Between 2017 and 2018, the amount of compromised personally identifiable information (PII) jumped 126 percent as more than 446 million records were exposed. While no security technology can prevent every breach, organizations can reduce risk by educating employees about PII and creating a culture in which IT security and data protection are shared responsibilities among all users.

PII is data that can be used to identify an individual, either on its own or when combined with other data. For example, a person’s name, home or email address, phone number, date of birth, Social Security number, passport number, driver’s license number, login credentials, and biometric data such as fingerprints or a retina scan can be used to identify someone. Data such as a first or last name, location, race, gender, age range, and medical or financial information can be combined with other data to zero in on a person’s identity.

Keep in mind that different types of information might be considered PII in different contexts. In healthcare, HIPAA (Health Insurance Portability and Accountability Act) regulations are intended to safeguard protected health information (PHI), which includes patient medical records. However, compliance with HIPAA doesn’t necessarily ensure compliance with Payment Card Industry (PCI) security standards that protect payment cardholder data.

The General Data Protection Regulation (GDPR), which was developed to protect the PII of European Union citizens, has raised the bar in terms of strict requirements and financial consequences for noncompliance. According to the GDPR, IP addresses, social media posts, digital images, location data, and other information fall under the umbrella of PII.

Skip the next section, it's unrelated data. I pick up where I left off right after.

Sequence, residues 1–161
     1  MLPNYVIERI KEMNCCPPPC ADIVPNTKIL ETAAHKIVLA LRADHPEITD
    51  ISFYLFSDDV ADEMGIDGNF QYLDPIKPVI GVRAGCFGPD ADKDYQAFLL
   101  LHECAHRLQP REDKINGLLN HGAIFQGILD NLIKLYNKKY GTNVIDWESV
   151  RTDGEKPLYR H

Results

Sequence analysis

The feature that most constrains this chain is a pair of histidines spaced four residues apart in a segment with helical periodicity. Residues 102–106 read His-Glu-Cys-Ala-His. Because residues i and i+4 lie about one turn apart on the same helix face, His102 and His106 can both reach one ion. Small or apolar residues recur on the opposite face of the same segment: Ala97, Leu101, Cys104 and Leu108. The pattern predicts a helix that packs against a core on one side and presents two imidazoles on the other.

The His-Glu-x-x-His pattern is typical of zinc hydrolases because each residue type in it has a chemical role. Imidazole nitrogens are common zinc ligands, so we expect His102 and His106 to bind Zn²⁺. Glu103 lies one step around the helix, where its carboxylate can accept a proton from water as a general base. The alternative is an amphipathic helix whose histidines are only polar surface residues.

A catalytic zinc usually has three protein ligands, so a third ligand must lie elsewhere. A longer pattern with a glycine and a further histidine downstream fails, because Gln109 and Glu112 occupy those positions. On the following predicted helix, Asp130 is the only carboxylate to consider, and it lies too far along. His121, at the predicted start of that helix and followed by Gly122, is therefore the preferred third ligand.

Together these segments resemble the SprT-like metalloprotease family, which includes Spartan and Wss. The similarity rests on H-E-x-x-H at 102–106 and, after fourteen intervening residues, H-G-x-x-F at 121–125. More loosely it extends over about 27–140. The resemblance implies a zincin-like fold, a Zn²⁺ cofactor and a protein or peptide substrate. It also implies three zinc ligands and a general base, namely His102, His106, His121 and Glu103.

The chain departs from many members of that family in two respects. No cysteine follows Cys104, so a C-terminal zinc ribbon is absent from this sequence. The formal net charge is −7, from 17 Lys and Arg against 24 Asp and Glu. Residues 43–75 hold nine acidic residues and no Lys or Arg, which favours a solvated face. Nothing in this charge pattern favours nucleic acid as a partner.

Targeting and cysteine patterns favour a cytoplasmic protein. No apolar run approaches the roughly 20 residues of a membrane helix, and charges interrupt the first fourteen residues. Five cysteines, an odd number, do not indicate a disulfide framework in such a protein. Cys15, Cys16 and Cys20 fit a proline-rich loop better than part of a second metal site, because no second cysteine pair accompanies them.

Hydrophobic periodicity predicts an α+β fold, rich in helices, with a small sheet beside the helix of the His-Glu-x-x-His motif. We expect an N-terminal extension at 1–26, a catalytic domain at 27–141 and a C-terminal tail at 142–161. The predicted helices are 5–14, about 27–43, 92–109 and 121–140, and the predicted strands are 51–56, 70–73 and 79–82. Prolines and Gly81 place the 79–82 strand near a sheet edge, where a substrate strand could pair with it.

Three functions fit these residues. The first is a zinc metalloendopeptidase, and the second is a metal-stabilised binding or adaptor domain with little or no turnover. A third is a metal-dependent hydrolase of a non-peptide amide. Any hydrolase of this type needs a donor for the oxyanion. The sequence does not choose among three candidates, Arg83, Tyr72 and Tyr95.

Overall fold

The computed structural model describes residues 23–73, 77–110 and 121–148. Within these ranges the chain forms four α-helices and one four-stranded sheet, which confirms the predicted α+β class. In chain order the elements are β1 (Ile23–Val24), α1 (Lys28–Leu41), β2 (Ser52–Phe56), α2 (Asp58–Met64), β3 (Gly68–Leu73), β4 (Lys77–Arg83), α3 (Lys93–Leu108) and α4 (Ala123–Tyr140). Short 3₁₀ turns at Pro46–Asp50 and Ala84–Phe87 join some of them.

Unlike the EU, the U.S. does not have a single standard or regulation for protecting all types of PII. In addition to industry-specific regulations, the rules vary from state to state. 

PII is often exposed because individual users store the data on their devices or in unsanctioned cloud platforms. A June data breach at Oregon State University was traced to an employee’s hacked email account, which contained the PII of 636 students and their families.

Centralized control of PII for security and compliance will reduce the risk of exposure, but organizations must make sure the proper protections are in place. For example, the Maryland State Department of Education recently found that PII of 1.4 million students and 233,310 teachers were stored in plain text in databases and applications. Fifteen servers were using programs that hadn’t been updated since 2015 and some computers were running software from 2008.

A recent survey of healthcare organizations by Netwrix found that no respondents – zero percent – had classified all of their data that was stored in the cloud. Thirty percent were not encrypting their cloud data, and 26 percent had experienced a security incident involving cloud data in the past year.

Technology must be part of the equation, but user training is critical to protecting PII and avoiding the penalties and potential lawsuits that stem from noncompliance. Let us help you develop a security program that educates users about what PII is, best practices for protecting PII, and the consequences of a data breach.